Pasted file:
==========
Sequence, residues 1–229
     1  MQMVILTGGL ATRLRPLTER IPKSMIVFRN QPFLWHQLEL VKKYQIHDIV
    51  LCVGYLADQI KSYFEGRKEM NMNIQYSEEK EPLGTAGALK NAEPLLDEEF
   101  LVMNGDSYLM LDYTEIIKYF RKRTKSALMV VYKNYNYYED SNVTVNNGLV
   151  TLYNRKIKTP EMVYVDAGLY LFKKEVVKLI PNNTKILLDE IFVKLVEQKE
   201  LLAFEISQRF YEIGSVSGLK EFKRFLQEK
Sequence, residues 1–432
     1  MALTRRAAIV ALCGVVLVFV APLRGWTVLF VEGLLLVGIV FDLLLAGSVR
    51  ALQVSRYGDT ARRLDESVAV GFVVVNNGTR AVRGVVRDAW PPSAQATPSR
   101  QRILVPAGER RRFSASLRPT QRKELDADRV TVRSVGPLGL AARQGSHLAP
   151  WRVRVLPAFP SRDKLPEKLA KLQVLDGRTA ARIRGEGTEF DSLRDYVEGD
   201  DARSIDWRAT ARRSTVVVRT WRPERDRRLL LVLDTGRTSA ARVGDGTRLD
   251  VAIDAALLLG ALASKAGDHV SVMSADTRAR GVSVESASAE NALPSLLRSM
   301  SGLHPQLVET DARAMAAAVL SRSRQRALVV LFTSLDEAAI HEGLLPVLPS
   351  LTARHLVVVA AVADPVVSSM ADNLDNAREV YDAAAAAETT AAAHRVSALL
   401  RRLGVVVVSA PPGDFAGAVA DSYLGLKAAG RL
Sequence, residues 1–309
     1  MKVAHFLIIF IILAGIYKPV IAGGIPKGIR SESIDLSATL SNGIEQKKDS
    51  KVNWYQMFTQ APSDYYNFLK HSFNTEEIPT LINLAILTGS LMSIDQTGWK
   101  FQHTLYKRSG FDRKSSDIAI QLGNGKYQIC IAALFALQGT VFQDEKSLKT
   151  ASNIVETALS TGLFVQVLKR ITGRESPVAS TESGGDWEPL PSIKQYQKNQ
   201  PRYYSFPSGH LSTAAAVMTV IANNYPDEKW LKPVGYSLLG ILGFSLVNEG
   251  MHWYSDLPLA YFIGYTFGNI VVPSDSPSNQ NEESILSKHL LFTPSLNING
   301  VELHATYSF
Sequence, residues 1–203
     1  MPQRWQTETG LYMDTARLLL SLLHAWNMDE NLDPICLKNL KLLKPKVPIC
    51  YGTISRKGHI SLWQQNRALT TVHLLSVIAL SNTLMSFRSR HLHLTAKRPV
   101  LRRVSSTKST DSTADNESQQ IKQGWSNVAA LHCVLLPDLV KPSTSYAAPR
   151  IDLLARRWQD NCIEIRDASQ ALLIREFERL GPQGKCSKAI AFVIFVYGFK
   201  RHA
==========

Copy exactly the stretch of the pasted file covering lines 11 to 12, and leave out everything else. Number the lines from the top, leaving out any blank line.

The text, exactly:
   151  WRVRVLPAFP SRDKLPEKLA KLQVLDGRTA ARIRGEGTEF DSLRDYVEGD
   201  DARSIDWRAT ARRSTVVVRT WRPERDRRLL LVLDTGRTSA ARVGDGTRLD